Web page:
Reluctant Champion: The Authorised Biography
By Andrew Fagan and Mark Platt


‘When you are in the football business there are only two ways to go and you are better to be a hero than a villain . . . Joe was definitely a hero.’
Kenny Dalglish

 ‘No disrespect to Bill Shankly and Bob Paisley. But, to me, Joe was the best’
From the foreword by Roy Evans

On 30th May 1984, Joe Fagan made football history – he became the first English manager to win the Treble. It was an unprecedented triumph, the culmination of a twenty-seven year career at the very heart of the Liverpool machine, and the end of a golden age.

Unassuming, down-to-earth, and never one to court publicity, little is known about Joe Fagan – a man who played a pivotal part in Liverpool’s domination of the game in the Sixties, Seventies and Eighties, but whose achievements were later obscured by disaster. A Scouser born and bred, he joined the Anfield coaching staff in 1958, after a playing career at Manchester City and years learning his craft in the lower leagues. At the time, Liverpool were in the stranglehold of Second Division mediocrity – but then, a year later, Bill Shankly arrived, and everything changed.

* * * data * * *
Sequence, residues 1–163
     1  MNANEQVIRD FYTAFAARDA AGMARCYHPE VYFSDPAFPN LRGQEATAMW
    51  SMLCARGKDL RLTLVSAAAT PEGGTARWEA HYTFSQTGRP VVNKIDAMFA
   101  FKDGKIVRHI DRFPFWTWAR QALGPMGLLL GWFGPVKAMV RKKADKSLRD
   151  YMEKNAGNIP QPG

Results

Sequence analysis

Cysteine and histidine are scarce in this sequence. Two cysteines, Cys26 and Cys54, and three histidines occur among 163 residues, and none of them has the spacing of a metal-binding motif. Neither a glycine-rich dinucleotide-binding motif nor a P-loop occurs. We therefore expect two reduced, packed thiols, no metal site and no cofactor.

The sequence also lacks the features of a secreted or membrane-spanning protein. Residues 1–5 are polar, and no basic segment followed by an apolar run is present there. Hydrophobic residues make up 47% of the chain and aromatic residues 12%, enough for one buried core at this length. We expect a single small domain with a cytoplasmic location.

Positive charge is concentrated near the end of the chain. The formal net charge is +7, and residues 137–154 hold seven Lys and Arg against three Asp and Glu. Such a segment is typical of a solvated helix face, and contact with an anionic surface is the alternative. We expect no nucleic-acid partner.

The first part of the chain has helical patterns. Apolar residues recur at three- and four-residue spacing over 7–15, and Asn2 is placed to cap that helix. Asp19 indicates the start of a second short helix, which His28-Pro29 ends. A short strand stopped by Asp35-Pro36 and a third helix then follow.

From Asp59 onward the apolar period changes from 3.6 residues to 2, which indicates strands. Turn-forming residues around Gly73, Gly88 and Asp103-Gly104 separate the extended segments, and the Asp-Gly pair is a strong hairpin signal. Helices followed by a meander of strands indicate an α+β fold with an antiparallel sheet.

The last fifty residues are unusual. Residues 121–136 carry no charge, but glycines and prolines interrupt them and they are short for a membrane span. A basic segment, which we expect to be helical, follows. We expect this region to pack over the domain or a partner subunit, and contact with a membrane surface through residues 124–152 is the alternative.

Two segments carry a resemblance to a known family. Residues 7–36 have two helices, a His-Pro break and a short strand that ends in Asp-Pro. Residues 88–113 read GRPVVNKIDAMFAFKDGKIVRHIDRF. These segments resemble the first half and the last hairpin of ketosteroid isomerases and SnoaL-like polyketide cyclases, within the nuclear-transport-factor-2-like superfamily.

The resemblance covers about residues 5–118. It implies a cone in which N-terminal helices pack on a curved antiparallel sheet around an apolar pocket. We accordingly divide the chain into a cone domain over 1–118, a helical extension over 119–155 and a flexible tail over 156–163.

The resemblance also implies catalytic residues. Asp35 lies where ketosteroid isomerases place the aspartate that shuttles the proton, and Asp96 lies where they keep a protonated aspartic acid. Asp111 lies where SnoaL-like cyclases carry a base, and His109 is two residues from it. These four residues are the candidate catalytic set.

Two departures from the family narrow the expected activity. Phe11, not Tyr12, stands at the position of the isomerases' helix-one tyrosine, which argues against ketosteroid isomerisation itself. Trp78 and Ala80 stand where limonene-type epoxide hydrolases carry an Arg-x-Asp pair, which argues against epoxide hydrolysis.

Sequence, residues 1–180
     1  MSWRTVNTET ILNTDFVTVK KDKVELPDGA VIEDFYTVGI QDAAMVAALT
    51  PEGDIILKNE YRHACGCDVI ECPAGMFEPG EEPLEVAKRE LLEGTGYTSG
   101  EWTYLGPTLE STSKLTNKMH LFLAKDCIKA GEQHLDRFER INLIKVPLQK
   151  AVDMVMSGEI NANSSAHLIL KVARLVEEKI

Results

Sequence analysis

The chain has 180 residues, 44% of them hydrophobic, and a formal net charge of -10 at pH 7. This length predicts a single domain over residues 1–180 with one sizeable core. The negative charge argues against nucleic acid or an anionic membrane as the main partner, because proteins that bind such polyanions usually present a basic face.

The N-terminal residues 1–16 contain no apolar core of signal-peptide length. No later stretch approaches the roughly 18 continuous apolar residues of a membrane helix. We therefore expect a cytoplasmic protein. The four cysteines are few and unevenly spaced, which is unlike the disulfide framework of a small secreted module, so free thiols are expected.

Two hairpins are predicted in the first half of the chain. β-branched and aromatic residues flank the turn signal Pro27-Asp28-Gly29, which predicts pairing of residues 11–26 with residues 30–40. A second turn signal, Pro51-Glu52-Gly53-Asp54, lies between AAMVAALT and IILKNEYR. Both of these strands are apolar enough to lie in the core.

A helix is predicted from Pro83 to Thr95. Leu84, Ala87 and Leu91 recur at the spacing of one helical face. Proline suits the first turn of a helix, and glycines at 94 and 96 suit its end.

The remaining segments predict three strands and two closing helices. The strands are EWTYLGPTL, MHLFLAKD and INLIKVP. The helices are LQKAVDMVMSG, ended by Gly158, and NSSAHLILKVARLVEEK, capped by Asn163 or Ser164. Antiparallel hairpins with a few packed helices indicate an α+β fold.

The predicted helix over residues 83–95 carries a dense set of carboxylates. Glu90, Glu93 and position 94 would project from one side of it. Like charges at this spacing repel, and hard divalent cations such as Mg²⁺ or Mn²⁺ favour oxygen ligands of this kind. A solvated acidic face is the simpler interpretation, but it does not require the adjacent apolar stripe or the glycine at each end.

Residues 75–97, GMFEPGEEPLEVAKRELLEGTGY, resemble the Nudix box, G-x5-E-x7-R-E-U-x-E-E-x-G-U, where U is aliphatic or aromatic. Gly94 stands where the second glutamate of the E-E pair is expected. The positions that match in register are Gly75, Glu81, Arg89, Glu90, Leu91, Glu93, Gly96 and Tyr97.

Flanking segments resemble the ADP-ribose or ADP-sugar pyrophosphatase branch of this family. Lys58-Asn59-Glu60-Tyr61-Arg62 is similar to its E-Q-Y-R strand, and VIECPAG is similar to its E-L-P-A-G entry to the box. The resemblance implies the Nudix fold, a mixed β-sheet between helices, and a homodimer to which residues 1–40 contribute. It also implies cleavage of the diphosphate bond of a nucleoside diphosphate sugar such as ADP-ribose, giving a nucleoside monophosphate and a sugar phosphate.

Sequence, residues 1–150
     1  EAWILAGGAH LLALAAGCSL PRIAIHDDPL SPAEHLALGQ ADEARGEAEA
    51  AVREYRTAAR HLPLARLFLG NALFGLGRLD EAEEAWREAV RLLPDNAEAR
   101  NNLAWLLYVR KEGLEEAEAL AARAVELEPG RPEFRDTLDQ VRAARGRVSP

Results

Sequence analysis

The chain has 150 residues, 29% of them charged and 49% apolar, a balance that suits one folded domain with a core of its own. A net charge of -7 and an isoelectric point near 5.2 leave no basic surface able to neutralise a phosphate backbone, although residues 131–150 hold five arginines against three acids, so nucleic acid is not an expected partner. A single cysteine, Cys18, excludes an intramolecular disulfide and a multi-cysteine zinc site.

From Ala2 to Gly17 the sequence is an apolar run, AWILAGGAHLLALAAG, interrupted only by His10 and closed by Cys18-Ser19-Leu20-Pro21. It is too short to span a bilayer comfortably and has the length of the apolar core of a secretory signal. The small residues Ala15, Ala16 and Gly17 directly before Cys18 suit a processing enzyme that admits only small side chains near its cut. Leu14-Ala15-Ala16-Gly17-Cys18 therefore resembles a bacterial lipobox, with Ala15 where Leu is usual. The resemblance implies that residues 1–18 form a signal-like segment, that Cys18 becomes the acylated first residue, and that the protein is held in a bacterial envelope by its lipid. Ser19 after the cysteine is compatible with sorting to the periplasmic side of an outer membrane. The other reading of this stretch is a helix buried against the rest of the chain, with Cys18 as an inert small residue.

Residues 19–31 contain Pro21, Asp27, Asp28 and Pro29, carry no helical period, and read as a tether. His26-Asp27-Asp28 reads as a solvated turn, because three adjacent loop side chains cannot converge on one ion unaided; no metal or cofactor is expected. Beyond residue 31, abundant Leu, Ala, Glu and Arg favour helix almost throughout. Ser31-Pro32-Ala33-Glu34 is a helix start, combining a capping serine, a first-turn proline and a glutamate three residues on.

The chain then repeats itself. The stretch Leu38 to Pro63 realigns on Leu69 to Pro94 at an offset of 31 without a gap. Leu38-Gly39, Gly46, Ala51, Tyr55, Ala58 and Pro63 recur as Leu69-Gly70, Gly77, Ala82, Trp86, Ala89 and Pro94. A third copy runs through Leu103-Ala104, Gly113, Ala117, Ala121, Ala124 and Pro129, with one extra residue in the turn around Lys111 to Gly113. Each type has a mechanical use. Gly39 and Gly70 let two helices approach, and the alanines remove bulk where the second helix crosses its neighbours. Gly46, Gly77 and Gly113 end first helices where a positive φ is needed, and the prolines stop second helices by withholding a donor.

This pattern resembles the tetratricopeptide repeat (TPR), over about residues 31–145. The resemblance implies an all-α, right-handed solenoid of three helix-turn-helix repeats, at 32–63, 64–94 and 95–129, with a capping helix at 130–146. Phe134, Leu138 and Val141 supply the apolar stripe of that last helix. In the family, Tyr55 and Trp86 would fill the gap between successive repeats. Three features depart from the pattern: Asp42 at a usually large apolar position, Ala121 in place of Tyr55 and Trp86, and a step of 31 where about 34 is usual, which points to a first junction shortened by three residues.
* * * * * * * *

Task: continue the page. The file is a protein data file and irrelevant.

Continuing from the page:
With a knack for nurturing the talents of precocious youngsters, Fagan quickly became part of Shankly’s trusted inner circle. Indeed, not only was Fagan one of the original members of the fabled Boot Room, he is widely credited with its creation. Under Bob Paisley, Fagan was appointed second-in-command. So when Paisley stepped down, the reluctant Fagan was the obvious and only choice to succeed him – and what followed surpassed the dreams of even the most success-spoilt Kopites.

However, just one year after Liverpool’s European triumph in Rome, the death of 39 fans at the Heysel Stadium in Brussels saw the club’s glittering record tarnished by tragedy, and English football exiled from Europe. Fagan had announced his retirement just one hour before – and stepped back into the anonymity he craved.

Now, drawing for the first time on Joe Fagan’s own diaries, as well as a raft of new interviews with players, colleagues and contemporaries, this biography celebrates the record of one of football’s least celebrated greats, and reveals the truth aboutLiverpool’s golden age.


Andrew Fagan is a journalist who has written for the Daily Telegraph and theIndependent. He is Joe’s grandson. Mark Platt is a writer and television producer who currently works for LFC TV. His previous books include Liverpool: Cup Kings 1965,Liverpool: Cup Kings 1977 and At the End of the Storm.

Joe Fagan – Reluctant Champion: The Authorised Biography’ is out on 12 September 2011 in hardback for £20